Scientific & Technological Research Papers from Participating Countries – Airborne Ammonia Concentrations in the Baikal Region

image of the Baikal lake to illustrate the research on airbone ammonia pollution in the Baikal region

1 April 2021 – Niigata, Japan

Scientific and Technological Research Papers from Participating Countries are research articles written by scientists from the EANET Participating Countries, in collaboration with the EANET Network Center, in Niigata, Japan. They are published in the EANET Science Bulletin and have required the use of EANET data.

Alisa Trifonova-Yakovleva and Sergey Gromov, from Russia, estimated airborne concentrations of ammonia (NH3) in the Baikal region by using measurements conducted at two EANET monitoring sites and compared with satellite data (Infrared Atmospheric Sounding Interferometer (IASI)).


Sources and Impacts of Ammonia

Ammonia (NH3) is an important air pollutant that may eventually fall back to earth by means of wet and dry acid deposition. It is emitted both naturally and from anthropogenic sources such as animal husbandry, the use of nitrogen fertilizers, and biomass burning.

Atmospheric deposition containing NH3, aside from acidification impacts through the oxidizing to nitric acids in rain waters or on wet surfaces, cause also other negative effects on ecosystems, such as eutrophication and loss of biodiversity. In addition, when NH3 reacts with other atmospheric constituents, it forms particulate matter (e.g. PM2.5) triggering harmful impacts on human health.


Airborne Ammonia Concentrations in the Baikal Region

For this research study, Alisa Trifonova-Yakovleva and Sergey Gromov used satellite data for better coverage and understanding of the air pollution at a wider regional level and ground-based measurements (filterpack method) at the Russian Litstvyanka and Mondy EANET stations from 2015 to 2017.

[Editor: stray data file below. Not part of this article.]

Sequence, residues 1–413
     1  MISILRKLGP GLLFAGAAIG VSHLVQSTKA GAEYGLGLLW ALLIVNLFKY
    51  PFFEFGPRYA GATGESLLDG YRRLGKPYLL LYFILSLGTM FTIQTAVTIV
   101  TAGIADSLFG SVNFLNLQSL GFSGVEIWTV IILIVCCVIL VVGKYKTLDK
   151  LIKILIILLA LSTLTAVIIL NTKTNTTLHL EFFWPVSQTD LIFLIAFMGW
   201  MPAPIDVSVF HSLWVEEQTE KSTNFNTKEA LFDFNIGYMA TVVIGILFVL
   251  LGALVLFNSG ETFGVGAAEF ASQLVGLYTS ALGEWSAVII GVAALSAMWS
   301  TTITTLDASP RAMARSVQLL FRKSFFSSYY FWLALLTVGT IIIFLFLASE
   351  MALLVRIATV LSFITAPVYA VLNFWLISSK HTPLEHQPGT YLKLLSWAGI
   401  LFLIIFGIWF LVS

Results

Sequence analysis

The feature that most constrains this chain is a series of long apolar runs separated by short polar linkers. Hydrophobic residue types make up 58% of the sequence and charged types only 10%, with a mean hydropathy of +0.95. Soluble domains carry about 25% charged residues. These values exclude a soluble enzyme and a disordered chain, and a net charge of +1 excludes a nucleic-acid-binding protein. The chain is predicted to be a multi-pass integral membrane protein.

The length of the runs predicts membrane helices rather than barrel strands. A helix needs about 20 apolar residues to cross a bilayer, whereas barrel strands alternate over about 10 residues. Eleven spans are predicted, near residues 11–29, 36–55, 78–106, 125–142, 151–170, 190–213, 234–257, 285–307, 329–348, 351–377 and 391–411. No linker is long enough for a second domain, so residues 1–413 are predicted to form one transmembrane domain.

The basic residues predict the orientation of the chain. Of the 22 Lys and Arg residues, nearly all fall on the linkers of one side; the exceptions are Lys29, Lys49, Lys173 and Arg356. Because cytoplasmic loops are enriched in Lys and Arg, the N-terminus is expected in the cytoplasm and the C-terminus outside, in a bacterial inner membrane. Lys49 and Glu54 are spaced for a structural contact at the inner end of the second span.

The goal of this study was to understand the constant levels of NH3 concentrations or their higher values of episodic nature in different locations within the Baikal Region, season-to-season.

More precise estimations of the regional airborne NH3 concentrations are indeed necessary to enhance the understanding of the scales and extension of detrimental impacts of air pollution and acid deposition on the environment and on human health.


Discover the results of the study by reading the full article in the EANET Science Bulletin, Vol 5.


This study was carried out in the framework of the Research Project AAAA-A20-120013190049-4 “Development of methods and technologies for monitoring of environmental pollution under the influence of transboundary pollutants transport (UNECE: EMEP, ICP IM) and acid deposition in East Asia (EANET)”.

Processing of satellite measurement data was performed as part of the research theme under the Plan of Basic Scientific Research of the State Academies of Sciences No. 0148-2019-0009, AAAA-A19-119022190173-2 “Climate changes and their consequences for the environment and the life of the population in Russia”.


Photo credits: Baikal ice on sunset, by Sergey Pesterev, free of the copyright license.